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Banned Books Week: Memorizing Machiavelli

As part of this year’s Banned Book Week Celebration, we are answering questions posed by the American Library Association. 

bbw16prompt4

In 1559, the Pope banned The Prince by Niccolo Machiavelli.

Over the next 100 years, the Catholic church was to discover, to its intense chagrin, why the Pope considered Machiavelli so dangerous. On the other hand, the nobility of Europe, which largely ignored the ban, would quickly learn the liberating joys of political science. Hearts were broken. The bad guys won. The ends ultimately justified the means, (at least, to the people writing the history books,) and Machiavelli, now tested and found true, became the go-to professor of power.

The mentality of a book banner is also one that trends toward the consolidation of power, Machiavellian in spirit if not in word. But it’s a clumsy tell. Anyone who is afraid of you reading The Prince understands The Prince as a threat, just like the Pope did. And it is. It’s a threat to ignorance. This book illuminates the gears of power. In a functioning system, that wouldn’t be scary, because good leaders should have confidence in their position. But in a system that is falling apart, that illumination is anathema. It exposes weak spots and predicates change. The Europe that unfolded when the nobility ignored the Pope’s ban on The Prince might not have been a paradise, but it did prove that it was possible to push out an unacceptable system of governance using nothing but philosophy.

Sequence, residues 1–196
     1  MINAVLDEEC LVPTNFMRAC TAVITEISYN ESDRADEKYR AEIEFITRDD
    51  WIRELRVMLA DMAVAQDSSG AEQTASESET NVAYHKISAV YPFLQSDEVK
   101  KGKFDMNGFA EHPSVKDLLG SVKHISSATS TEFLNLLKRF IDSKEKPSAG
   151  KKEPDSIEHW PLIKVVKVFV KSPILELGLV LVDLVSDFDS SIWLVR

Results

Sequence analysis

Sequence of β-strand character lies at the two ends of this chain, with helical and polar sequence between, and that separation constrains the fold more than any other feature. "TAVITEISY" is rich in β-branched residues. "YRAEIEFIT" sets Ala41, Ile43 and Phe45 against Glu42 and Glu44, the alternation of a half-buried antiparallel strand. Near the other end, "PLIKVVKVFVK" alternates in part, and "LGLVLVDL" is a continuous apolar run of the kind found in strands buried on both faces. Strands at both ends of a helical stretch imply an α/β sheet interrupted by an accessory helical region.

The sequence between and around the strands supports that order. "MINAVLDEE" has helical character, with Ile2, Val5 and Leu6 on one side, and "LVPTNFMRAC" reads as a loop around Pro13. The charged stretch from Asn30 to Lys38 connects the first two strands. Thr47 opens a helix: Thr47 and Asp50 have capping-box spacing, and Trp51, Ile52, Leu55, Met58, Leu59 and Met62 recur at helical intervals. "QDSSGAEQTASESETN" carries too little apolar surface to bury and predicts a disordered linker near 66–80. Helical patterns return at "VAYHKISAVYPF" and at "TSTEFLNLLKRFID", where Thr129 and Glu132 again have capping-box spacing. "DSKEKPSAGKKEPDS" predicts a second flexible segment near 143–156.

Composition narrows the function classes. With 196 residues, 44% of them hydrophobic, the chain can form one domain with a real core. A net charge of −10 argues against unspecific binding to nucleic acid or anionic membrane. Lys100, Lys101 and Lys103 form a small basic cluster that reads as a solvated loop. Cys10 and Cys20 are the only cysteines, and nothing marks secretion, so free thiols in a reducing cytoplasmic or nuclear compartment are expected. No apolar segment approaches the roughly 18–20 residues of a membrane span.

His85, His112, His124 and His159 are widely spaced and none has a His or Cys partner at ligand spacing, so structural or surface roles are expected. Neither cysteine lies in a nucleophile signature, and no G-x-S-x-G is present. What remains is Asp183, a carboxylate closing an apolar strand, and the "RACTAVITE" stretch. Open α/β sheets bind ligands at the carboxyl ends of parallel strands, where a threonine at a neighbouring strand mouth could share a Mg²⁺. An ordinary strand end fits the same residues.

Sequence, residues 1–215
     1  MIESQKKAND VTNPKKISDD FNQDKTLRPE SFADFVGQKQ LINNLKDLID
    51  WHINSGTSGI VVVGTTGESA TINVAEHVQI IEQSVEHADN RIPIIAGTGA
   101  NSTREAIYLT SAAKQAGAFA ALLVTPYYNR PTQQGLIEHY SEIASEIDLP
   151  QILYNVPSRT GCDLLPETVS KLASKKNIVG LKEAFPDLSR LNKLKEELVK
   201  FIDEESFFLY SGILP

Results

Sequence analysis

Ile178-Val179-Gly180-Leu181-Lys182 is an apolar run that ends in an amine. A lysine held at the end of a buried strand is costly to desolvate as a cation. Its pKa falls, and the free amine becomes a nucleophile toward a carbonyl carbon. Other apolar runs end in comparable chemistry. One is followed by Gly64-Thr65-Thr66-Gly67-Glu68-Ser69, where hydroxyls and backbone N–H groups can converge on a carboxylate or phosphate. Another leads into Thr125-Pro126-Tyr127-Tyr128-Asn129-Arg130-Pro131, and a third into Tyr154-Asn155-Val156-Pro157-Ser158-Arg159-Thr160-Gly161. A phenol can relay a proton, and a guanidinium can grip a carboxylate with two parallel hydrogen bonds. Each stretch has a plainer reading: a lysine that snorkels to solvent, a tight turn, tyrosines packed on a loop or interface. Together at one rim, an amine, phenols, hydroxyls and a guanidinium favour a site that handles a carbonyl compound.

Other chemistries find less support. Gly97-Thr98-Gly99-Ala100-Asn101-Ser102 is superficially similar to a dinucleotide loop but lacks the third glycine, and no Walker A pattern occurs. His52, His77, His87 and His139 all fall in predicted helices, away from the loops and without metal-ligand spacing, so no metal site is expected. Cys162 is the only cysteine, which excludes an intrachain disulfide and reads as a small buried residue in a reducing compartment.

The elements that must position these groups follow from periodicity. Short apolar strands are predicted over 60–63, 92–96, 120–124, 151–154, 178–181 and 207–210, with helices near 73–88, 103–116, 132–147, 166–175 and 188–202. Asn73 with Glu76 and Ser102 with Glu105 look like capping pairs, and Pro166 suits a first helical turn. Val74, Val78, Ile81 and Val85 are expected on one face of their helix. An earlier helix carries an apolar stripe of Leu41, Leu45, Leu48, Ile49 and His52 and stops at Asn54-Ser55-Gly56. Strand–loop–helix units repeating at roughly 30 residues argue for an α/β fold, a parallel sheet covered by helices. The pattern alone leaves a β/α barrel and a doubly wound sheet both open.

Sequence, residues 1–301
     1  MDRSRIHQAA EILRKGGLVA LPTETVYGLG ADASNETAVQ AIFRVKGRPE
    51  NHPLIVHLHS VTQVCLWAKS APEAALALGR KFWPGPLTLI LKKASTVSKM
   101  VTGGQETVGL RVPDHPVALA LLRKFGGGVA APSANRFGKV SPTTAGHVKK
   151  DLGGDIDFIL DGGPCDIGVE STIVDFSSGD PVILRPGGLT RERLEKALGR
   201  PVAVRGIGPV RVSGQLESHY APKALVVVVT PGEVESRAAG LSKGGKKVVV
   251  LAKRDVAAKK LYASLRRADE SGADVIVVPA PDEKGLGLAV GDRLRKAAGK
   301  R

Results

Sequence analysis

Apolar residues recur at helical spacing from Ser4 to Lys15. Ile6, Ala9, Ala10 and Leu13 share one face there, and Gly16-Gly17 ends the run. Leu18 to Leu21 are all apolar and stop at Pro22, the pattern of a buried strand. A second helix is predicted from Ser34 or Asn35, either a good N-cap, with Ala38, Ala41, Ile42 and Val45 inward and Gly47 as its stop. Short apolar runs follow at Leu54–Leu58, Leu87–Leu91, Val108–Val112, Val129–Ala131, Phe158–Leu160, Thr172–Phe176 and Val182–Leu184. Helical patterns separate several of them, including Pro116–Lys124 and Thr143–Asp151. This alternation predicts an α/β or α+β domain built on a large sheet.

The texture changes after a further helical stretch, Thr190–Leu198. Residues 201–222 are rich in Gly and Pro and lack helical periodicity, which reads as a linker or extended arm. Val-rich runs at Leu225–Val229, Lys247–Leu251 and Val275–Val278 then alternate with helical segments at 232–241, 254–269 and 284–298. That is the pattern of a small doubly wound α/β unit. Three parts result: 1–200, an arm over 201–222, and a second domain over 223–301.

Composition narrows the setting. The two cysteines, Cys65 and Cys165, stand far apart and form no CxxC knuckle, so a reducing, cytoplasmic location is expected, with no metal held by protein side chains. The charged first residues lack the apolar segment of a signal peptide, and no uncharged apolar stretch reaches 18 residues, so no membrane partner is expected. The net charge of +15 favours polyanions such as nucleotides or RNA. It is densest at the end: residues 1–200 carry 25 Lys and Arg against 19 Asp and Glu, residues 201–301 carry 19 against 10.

Moral panic about Harry Potter may embarrass us. Outrage about Where’s Waldo may strike us as silly. But if anyone ever bans The Prince again, we should all take notice immediately. Here’s a book worth committing to memory. It’s the blueprint for a machine that we may someday need to fix.

∼ Anna, NL Reference/Tech Librarian

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